R2 § 40 Rejection or counteroffer … does not terminate the power of acceptance until received by the offeror ….
R2 § 42: Direct Revocation An offeree’s power of acceptance is terminated when the offeree receives from the offeror a manifestation of an intention not to enter into the proposed contract.
R2 § 43: Indirect Revocation An offeree’s power of acceptance is terminated when the offeror takesdefinite action inconsistent with an intention to enter into the proposed contract and the offeree acquires reliable information to that effect.
R2 § 46: Revoking a General Offer Where an offer is made by advertisement in a newspaper or other general notification to the public or to a number of persons whose identity is unknown to the offeror, the offeree’s power of acceptance is terminated when a notice of termination is given publicity by advertisement or other general notification equal to that given to the offer and no better means of notification is reasonably available.
CISG art. 16(1) Until a contract is concluded an offer may be revoked if the revocation reaches the offeree before he has dispatched an acceptance.
R2 § 41: Lapse (1) An offeree’s power of acceptance is terminated at the time specified in the offer, or, if no time is specified, at the end of a reasonable time. (2) What is a reasonable time is a question of fact, depending on all the circumstances existing when the offer and attempted acceptance are made. ….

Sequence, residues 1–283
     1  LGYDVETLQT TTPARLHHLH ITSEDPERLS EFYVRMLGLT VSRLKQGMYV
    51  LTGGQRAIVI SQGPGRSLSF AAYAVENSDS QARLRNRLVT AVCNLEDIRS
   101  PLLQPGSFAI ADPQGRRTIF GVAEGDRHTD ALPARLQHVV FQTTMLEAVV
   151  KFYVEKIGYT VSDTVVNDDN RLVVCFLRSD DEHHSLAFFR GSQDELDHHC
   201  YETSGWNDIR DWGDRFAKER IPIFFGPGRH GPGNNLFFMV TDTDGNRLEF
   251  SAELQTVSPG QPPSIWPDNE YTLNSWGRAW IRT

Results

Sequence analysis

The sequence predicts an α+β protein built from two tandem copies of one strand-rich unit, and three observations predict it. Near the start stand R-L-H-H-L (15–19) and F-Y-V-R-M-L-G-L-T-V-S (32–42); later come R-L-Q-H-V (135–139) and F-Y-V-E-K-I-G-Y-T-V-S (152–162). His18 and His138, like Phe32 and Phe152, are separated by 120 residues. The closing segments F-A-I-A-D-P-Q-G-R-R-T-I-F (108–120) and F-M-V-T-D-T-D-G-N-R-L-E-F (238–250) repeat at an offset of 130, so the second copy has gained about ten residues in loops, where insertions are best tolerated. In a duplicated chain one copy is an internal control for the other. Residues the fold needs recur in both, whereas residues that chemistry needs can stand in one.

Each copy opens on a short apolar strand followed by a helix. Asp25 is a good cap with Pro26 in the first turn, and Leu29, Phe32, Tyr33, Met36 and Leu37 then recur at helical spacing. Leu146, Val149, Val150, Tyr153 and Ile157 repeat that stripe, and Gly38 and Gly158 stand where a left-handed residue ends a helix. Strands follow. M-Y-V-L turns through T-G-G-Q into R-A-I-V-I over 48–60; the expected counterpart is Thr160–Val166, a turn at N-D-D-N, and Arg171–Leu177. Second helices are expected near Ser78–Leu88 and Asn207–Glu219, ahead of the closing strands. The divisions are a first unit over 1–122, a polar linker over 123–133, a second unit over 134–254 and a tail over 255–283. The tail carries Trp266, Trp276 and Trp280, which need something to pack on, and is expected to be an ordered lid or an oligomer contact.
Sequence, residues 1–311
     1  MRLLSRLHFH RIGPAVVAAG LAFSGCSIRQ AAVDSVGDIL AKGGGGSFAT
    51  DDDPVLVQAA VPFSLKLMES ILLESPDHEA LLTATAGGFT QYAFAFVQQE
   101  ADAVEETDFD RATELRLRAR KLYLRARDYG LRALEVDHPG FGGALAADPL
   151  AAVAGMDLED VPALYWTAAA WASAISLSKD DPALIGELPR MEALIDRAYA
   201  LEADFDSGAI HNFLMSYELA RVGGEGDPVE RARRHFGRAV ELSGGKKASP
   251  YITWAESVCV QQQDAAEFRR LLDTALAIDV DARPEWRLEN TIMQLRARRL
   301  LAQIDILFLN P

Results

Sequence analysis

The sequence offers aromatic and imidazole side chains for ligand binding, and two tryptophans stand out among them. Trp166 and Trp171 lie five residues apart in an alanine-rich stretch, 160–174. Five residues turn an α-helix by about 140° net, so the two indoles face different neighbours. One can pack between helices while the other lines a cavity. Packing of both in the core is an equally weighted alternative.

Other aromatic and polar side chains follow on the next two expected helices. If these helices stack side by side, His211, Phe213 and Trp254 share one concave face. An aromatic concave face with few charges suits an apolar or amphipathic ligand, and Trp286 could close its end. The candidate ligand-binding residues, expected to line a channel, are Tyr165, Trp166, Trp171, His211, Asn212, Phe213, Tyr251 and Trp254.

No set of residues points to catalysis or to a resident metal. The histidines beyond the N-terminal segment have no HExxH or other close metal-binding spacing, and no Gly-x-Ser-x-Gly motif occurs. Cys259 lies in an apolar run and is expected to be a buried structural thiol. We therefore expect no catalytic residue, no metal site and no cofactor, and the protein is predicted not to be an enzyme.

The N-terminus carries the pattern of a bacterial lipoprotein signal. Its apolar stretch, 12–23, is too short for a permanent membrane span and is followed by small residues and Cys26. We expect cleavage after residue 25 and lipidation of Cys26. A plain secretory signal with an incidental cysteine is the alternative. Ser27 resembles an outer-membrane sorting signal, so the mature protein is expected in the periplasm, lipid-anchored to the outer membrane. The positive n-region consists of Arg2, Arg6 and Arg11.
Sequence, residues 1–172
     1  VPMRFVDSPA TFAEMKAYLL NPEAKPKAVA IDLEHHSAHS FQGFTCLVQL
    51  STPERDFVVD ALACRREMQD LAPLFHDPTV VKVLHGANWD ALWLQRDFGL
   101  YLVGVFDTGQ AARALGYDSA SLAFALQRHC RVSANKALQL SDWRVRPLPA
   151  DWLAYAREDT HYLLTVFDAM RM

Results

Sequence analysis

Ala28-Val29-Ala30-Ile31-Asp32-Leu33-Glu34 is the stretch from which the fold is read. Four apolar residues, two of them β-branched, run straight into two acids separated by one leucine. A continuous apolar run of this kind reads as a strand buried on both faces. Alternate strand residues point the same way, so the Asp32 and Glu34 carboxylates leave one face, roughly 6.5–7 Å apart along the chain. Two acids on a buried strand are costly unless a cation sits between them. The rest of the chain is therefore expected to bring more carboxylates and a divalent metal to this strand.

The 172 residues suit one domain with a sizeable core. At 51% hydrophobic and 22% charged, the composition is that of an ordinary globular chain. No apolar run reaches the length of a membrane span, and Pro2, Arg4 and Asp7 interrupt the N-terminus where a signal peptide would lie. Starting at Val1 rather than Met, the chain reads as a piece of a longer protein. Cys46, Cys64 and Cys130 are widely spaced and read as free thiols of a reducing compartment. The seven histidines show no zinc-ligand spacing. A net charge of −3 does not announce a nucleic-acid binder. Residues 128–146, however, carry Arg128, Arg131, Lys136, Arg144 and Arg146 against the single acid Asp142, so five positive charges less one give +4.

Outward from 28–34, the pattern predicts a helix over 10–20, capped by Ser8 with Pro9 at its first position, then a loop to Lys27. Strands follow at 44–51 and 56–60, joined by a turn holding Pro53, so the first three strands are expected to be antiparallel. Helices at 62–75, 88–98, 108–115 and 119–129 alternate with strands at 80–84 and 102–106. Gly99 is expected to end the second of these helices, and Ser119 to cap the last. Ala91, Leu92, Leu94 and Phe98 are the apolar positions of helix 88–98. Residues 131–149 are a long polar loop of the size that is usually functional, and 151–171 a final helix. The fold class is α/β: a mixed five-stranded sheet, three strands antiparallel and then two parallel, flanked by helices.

R2 § 48: Death or Incapacity An offeree’s power of acceptance is terminated when the offeree or offeror dies or is deprived of legal capacity to enter into the proposed contract.
R2 § 25 An option contract is a promise which meets the requirements for the formation of a contract and limits the promisor’s power to revoke an offer.
R2 § 87 (1) An offer is binding as an option contract if it (a) is in writing and signed by the offeror, recites a purported consideration for the making of the offer, and proposes an exchange on fair terms within a reasonable time; or (b) is made irrevocable by statute.
R2 § 87 (2) An offer which the offeror should reasonably expect to induce action or forbearance of a substantial character on the part of the offeree before acceptance and which does induce such action or forbearance is binding as an option contract to the extent necessary to avoid injustice.
UCC § 2-205 An offer by a merchant to buy or sell goods in a signed writing which by its terms give assurance that it will be held open is not revocable, for lack of consideration, during the time stated or if no time is stated for a reasonable time, but in no event may such period of irrevocability exceed three months ….
UCC § 2-104(1) “Merchant” means a person who deals in goods of the kind or otherwise by his occupation holds himself out as having knowledge or skill peculiar to the practices or goods involved in the transaction or to whom such knowledge or skill may be attributed by his employment of an agent or broker or other intermediary who by his occupation holds himself out as having such knowledge or skill.
CISG art. 16(2) [A]n offer cannot be revoked: (a) if it indicates, whether by stating a fixed time for acceptance or otherwise, that it is irrevocable; or (b) if it was reasonable for the offeree to rely on the offer as being irrevocable and the offeree has acted in reliance on the offer.
CISG art. 15(2) An offer, even if it is irrevocable, may be withdrawn if the withdrawal reaches the offeree before or at the same time as the offer.